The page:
Last week, Families USA released a report, Left Behind: America’s Uninsured Children, which detailed that there are 8.6 million uninsured children in the United States, using 2005-7 averaged numbers from the U.S. Census Bureau.
Over 1.25 million of those uninsured children are in California. There are other estimates, using different definitions, that are a bit lower, but the scale is similar: there are simply too many kids, overwhelmingly with working parents, who are not covered. Not surprisingly, they typically have worse health status. And their parents are one emergency away from financial ruin.
The saddest part is that until recently, California was making real progress on the goal to universal children’s coverage.
While employer-based coverage was being scaled back, especially for dependents (such as spouses and children), public insurance programs like Medi-Cal (Medicaid) and Healthy Families (SCHIP) were more than picking up the slack. In the recent economic downturn, we’ve seen even further increases in enrollment in Medi-Cal, which covers over 6.6 million Californians–about half of them children, and in Healthy Families, which just hit the 900,000 enrollment level. Several counties offer a “Healthy Kids” coverage program with more expansive eligibility rules, to get all kids covered.
But in the last year, California’s effort to cover all children has slipped.
* President Bush vetoed efforts for a full reauthorization of the State Child Health Insurance Program (SCHIP), throwing California’s version of the program, Healthy Families, into some uncertainty. The federal program needs to be reauthorized by March 2009.
* California’s budget crisis has taken its toll: Unless the Legislature intervenes, the board that runs Healthy Families is considering stopping enrollment and creating a waiting list for Healthy Families that would deny coverage to over 160,000 children.
* Yet the Legislature, in an effort a few months ago to make cuts (the alternative of revenues having been blocked by by Republican legislators), has already passed additional burdensome reporting requirements that will have the effect of dropping over 250,000 children off of Medi-Cal coverage. And Governor Schwarzenegger, using his line-item veto, also made it harder for children to get enrolled into coverage in the first place.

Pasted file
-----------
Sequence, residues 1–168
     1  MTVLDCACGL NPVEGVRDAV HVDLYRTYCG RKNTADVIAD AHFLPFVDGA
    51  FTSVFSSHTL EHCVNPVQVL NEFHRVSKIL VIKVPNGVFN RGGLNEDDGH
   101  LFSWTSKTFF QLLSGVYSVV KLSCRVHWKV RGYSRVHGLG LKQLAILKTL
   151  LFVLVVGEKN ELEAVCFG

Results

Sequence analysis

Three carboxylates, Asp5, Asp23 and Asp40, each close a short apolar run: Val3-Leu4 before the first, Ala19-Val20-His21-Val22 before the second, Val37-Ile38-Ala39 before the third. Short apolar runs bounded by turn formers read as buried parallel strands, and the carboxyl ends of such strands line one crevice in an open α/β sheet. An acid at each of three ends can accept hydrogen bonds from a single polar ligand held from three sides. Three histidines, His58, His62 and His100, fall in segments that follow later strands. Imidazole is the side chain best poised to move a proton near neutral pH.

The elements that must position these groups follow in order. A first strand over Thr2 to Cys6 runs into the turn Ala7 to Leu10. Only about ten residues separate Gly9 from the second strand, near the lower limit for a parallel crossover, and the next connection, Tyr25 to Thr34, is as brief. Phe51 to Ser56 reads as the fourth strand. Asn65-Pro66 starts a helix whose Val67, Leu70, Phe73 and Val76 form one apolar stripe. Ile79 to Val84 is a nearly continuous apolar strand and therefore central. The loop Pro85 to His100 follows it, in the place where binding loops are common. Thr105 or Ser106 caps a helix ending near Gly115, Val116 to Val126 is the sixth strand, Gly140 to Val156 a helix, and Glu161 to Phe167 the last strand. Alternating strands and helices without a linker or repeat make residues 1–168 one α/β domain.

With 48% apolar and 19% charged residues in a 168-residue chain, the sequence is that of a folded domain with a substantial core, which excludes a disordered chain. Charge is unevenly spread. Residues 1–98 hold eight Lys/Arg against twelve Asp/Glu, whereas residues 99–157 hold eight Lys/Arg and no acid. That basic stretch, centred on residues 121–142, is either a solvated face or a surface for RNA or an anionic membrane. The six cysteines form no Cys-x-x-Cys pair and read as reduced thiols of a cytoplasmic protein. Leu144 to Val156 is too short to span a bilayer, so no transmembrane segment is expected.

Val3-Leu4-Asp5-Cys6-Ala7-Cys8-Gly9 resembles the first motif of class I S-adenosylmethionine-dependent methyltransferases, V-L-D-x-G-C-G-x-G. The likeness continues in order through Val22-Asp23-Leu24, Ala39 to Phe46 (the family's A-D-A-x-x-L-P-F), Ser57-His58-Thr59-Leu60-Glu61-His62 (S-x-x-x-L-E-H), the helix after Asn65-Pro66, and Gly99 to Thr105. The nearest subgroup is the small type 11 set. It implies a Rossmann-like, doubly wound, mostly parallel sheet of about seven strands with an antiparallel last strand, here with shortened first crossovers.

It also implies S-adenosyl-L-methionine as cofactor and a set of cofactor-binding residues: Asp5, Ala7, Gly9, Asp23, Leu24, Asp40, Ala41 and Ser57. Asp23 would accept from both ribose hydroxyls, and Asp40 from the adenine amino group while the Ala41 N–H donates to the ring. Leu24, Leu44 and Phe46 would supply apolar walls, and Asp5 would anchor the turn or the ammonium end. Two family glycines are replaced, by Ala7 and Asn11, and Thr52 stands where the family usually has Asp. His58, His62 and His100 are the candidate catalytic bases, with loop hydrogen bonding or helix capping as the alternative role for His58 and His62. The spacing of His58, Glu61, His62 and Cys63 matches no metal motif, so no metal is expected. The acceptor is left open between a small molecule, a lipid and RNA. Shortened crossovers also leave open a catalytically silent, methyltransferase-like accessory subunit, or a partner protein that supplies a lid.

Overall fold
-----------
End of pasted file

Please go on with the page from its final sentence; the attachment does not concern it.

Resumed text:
* Also, many of the local “Healthy Kids” programs are running out of money as well, and thousands more children may be disenrolled without state assistance.
* Finally, this is in a context of an economic downturn that may mean more children losing private coverage that their families get through an employer or buy directly, and so these cuts come at a time when these public programs are actually in greater demand.
This issue isn’t a tough policy puzzle: we know exactly what we need to do to cover virtually all children; the question is raising the money needed, as part of deciding our priorities and choices as a state. The issue has never lacked for individual champions, whether outgoing Assembly Budget Chair John Laird, or incoming Senate President Pro Tem Darrell Steinberg, or many other legislators past and present.
What we need in these tough times is collective leadership, from the Governor and legislative leaders of both parties, that children’s health coverage is a priority that needs to be preserved despite–actually, especially because of– these tough economic times.
The new legislative session starts tomorrow. Children’s coverage is not the only, or even the biggest, health care issue on the agenda, but given the challenges outlined above, it is the most urgent.